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Publication numberUS7283850 B2
Publication typeGrant
Application numberUS 10/962,954
Publication dateOct 16, 2007
Filing dateOct 12, 2004
Priority dateOct 12, 2004
Fee statusPaid
Also published asCA2518640A1, CA2518640C, CA2812014A1, CN1761265A, CN1761265B, EP1648150A2, EP1648150A3, US20060079291, US20070036370
Publication number10962954, 962954, US 7283850 B2, US 7283850B2, US-B2-7283850, US7283850 B2, US7283850B2
InventorsRandy Phyllis Granovetter, Michael J. Sinclair, Zhengyou Zhang, Zicheng Liu
Original AssigneeMicrosoft Corporation
Export CitationBiBTeX, EndNote, RefMan
External Links: USPTO, USPTO Assignment, Espacenet
Method and apparatus for multi-sensory speech enhancement on a mobile device
US 7283850 B2
Abstract
A mobile device includes an air conduction microphone and an alternative sensor that provides an alternative sensor signal indicative of speech. A communication interface permits the mobile device to communicate directly with other mobile devices.
Images(18)
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Claims(32)
1. A mobile device comprising:
an air conduction microphone that converts acoustic waves representative of a portion of speech into an electric microphone signal;
an alternative sensor that detects information representative of the portion of speech separate from the electronic microphone signal and provides an electric alternative sensor signal comprising information representative of the portion of speech, wherein
the mobile device communicates directly with other mobile devices, the mobile device communicates with a server on a network, wherein
the communication with the server comprises audio, video, and data corresponding to an image of a document that is shared with another computing device, and wherein the mobile device transmits instructions to the server instructing the server to modify the document based on said instructions and to provide data corresponding to the modification of the document to the other computing device.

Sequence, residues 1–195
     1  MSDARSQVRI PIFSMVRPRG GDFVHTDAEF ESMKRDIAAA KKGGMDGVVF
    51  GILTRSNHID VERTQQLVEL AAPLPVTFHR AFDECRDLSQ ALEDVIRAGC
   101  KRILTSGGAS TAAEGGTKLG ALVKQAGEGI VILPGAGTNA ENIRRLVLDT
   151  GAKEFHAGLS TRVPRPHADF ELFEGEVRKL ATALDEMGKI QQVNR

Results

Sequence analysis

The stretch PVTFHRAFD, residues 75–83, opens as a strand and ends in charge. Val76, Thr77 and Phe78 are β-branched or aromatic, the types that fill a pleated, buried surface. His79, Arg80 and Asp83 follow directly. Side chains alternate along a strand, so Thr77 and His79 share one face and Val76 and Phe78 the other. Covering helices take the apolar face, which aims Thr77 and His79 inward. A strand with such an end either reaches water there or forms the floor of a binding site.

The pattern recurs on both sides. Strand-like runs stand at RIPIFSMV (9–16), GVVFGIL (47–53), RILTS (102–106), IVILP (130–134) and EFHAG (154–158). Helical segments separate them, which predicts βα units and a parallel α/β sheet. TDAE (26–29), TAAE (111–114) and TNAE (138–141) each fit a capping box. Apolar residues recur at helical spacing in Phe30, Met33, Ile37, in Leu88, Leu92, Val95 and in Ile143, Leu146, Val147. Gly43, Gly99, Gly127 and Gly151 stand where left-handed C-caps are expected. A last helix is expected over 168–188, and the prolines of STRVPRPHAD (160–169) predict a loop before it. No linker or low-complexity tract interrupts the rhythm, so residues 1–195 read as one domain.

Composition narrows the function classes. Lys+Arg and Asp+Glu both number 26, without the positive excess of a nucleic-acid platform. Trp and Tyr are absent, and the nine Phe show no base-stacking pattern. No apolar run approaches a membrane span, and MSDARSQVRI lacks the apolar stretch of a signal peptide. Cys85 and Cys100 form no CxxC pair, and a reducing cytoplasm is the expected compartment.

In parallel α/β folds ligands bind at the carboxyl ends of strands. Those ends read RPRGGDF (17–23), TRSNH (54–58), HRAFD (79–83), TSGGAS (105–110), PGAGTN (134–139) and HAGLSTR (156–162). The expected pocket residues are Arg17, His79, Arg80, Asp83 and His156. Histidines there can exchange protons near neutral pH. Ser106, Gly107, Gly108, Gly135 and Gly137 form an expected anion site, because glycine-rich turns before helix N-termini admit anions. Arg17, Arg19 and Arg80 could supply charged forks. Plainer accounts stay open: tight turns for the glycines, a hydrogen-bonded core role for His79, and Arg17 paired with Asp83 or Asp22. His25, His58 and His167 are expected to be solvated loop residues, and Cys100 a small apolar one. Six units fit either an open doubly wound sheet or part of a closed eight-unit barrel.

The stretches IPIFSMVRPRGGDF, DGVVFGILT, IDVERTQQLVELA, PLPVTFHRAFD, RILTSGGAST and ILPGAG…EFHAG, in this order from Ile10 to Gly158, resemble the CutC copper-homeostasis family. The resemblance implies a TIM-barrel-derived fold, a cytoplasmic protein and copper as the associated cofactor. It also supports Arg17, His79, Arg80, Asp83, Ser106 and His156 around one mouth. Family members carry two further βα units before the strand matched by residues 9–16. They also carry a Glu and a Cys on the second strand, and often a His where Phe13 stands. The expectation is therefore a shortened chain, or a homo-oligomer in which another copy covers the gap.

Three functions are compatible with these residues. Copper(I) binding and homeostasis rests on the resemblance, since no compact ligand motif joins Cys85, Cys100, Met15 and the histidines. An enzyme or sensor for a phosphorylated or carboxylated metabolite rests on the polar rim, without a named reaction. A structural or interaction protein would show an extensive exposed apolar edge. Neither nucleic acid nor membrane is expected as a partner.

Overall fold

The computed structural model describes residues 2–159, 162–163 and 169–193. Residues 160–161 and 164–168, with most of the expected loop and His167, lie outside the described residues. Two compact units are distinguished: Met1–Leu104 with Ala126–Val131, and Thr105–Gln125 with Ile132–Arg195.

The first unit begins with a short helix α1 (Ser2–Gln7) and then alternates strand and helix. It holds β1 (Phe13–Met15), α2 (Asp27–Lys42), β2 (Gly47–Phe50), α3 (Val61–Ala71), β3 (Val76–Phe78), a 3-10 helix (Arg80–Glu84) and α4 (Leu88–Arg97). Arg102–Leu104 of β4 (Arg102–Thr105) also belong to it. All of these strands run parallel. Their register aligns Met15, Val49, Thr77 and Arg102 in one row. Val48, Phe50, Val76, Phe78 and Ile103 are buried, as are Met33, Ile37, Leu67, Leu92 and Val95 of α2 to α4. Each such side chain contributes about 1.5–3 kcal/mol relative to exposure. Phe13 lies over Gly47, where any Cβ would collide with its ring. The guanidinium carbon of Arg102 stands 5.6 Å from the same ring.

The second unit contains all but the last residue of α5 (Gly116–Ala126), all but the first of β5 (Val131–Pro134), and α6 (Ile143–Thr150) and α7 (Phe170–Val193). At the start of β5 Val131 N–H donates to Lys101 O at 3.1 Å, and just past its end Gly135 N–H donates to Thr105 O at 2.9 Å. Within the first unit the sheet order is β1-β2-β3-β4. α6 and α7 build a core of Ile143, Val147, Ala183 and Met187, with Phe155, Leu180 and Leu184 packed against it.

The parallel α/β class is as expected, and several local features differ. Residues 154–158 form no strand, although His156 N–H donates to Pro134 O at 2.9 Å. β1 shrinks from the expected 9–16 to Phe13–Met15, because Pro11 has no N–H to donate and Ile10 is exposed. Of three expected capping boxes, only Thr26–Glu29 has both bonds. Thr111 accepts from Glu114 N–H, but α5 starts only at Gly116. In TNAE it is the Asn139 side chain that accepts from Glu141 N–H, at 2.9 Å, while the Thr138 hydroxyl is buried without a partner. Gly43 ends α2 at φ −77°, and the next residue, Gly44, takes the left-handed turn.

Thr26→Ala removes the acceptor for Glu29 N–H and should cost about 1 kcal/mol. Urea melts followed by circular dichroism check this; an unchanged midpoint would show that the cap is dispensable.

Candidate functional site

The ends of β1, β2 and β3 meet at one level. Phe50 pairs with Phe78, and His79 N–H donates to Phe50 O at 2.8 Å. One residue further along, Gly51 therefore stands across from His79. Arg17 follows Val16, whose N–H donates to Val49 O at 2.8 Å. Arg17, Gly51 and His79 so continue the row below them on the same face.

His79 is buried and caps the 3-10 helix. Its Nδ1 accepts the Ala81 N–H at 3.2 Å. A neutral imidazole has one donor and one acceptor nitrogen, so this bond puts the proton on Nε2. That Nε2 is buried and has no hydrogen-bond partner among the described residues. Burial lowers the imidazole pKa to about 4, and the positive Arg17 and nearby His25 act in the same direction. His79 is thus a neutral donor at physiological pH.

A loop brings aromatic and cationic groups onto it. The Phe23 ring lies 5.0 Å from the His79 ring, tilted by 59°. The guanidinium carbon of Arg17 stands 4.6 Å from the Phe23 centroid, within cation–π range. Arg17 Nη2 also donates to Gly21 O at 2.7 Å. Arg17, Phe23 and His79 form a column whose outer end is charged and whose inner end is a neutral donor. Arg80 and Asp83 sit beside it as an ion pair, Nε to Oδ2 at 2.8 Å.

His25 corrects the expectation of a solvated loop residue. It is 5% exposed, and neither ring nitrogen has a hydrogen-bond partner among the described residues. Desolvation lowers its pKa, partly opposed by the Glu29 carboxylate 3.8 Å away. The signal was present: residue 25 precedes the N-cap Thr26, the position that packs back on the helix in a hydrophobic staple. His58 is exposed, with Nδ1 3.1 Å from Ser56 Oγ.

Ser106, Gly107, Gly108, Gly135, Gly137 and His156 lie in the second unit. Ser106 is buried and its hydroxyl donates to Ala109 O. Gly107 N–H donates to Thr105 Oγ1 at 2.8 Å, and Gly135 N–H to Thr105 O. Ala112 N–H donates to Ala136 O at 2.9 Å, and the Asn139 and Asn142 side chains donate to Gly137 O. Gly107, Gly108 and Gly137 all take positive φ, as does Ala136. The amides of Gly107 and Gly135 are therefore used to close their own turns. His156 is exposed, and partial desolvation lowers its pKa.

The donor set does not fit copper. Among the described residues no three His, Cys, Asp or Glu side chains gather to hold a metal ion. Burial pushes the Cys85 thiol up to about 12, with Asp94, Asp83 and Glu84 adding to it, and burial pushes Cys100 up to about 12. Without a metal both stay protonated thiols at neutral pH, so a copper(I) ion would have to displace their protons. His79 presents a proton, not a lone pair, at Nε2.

2. The mobile device of claim 1 wherein the communicating directly with other mobile devices comprises multiple types of communication with other mobile devices.
3. The mobile device of claim 2 wherein one of the multiple types of communication comprises one-to-one communication with one other mobile device even when more than one other mobile device is available for communication.
4. The mobile device of claim 2 wherein one of the multiple types of communication comprises one-to-many communication with a plurality of other mobile devices.
5. The mobile device of claim 2 wherein one of the multiple types of communication comprises many-to-many communication.
6. The mobile device of claim 1 wherein the mobile device further comprises a global positioning satellite receiver that is capable of generating a position value indicative of the position of the mobile device.
7. The mobile device of claim 6 wherein communication with a server comprises providing the position value to the server.
8. The mobile device of claim 1 wherein the server hosts a speech recognition program and wherein communicating with the server comprises providing audio data to the server and receiving recognized text from the server.